Representation of alienated and nonalienated labour and capital on screen
The work of Sergei Eisenstein, Bertolt Brecht, Jean-Luc Godard, Chris
Marker, Dušan Makavejev, Satyajit Ray, Ousmane Sembène, Alexander
Kluge, Ken Loach, Lars von Trier. Are they Marxist filmmakers?
Western and Eastern Marxist film theory and history
Socialist production, distribution and exhibition of films
Marxism, Third cinema and the cinema of revolt
Marxism and feminist cinema
Marxism, realism and non-realism
Screen images of Marx, Engels and Lenin

Organising committee
Prof. Ewa Mazierska
Dr. Anandi Ramamurthy
Dr. Lars Kristensen

Deadline for abstracts (max 250 words): 1 December 2011.
Please send abstracts to Ewa Mazierska
Lars Kristensen

The conference is not expected to produce a surplus value.

Wednesday, 6 July 2011

The Problem of the Middle East by Tony Cliff online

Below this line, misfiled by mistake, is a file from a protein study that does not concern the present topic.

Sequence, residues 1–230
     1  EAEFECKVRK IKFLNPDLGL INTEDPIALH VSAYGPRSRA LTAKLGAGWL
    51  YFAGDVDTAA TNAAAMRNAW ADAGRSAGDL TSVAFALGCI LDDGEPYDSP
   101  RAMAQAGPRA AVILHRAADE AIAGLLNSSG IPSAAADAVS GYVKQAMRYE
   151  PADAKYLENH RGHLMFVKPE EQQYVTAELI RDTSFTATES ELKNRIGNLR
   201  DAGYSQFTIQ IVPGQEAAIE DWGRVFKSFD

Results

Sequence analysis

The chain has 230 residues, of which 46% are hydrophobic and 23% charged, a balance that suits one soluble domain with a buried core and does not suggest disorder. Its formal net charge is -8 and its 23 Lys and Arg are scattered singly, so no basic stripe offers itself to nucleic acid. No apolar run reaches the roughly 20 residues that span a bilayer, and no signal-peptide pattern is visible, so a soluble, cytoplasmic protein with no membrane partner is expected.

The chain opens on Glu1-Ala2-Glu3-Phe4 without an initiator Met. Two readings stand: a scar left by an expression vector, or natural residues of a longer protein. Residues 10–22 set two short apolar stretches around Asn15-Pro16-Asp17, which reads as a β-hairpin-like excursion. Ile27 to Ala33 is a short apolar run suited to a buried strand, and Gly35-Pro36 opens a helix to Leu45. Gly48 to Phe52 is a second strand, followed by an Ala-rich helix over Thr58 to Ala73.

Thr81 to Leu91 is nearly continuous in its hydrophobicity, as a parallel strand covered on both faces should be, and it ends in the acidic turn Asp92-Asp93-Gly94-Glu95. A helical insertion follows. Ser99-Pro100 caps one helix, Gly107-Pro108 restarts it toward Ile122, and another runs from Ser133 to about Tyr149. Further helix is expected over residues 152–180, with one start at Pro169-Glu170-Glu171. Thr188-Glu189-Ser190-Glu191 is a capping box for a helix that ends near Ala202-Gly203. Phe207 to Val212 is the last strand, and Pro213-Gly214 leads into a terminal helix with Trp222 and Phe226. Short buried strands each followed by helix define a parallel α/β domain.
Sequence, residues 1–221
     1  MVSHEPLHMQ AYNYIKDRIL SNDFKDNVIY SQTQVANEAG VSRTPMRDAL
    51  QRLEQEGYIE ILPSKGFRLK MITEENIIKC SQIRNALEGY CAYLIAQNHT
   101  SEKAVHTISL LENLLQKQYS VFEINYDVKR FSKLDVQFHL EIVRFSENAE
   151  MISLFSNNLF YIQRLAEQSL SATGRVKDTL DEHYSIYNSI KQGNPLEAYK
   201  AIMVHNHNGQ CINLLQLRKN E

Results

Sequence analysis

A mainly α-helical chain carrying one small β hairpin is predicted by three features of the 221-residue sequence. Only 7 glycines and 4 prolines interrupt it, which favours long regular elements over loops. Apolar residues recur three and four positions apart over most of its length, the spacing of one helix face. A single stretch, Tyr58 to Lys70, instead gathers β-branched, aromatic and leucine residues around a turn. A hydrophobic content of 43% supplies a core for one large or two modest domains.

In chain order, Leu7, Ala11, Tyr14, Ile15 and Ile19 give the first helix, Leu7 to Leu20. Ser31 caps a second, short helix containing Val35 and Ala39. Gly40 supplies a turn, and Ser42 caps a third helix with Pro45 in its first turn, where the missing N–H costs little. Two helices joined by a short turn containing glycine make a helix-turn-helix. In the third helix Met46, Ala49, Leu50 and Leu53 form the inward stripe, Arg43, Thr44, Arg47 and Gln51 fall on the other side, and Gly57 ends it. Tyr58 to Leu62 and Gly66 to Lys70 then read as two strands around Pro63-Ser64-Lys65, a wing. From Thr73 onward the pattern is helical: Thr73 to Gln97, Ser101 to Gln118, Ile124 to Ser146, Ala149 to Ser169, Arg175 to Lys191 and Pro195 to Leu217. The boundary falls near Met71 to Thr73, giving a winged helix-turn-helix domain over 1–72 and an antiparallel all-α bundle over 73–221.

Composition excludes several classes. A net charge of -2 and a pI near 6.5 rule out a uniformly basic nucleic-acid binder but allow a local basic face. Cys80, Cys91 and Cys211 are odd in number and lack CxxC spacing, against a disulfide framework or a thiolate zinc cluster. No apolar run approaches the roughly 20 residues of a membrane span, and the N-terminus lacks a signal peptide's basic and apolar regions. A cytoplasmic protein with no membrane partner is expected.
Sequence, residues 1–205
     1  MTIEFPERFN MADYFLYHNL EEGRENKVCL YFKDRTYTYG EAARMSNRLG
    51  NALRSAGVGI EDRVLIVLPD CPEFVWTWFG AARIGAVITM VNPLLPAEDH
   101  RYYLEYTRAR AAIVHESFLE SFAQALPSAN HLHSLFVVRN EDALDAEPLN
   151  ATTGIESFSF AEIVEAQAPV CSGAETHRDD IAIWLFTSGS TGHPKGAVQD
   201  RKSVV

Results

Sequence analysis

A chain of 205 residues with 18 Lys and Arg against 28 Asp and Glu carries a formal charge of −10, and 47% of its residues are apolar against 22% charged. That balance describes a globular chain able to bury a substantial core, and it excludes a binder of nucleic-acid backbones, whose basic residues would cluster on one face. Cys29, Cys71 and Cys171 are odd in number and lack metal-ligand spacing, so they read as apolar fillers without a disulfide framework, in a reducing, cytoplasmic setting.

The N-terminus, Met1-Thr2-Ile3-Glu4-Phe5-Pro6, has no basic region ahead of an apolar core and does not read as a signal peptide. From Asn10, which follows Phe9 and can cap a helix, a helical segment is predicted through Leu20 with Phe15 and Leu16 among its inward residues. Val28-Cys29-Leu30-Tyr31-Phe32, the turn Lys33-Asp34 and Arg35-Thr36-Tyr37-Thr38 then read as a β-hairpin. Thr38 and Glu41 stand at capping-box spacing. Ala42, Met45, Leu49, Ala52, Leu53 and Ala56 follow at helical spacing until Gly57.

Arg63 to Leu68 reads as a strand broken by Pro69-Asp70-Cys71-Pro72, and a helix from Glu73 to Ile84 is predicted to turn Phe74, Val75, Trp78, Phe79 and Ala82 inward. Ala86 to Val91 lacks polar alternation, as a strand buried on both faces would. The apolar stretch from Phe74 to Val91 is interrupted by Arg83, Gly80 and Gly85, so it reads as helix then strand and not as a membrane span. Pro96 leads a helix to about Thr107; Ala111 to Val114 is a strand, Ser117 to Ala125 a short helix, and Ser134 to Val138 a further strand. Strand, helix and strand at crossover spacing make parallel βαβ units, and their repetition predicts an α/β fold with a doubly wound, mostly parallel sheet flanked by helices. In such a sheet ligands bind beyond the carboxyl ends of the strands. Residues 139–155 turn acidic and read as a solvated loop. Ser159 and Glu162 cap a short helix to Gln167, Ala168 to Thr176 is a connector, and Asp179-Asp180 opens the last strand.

The Problem of the Middle East (1946), Tony Cliff’s first book, has long lain buried in the archives. It has now been published online, just as the Middle East is alight once again with revolution. There is much in today’s wave of uprisings and revolutions that the Cliff who wrote the book as a young Trotskyist activist in Palestine in 1945 would recognise. The dictatorships shaken by popular revolts from below, the decaying hegemony of the region’s imperial powers, the rising tide of workers’ struggle: all these are explored in the book. Although when completed in 1946, the greatest struggles of the turbulent decade which followed were still in the future, Cliff showed remarkable prescience in seeing that the Middle East stood at the crossroads. The alliance between the old colonial powers, the landlords and big merchants which had formed the bedrock of the political order since the First World War, was in terminal decline. Rising social forces such as the nascent working class and an educated urban lower middle class were impatient for political and social change. Social justice, national liberation and democracy were the watchwords of their struggles – slogans which would be picked up again in the streets of Tunis, Cairo, Damascus and Sana’a in 2011.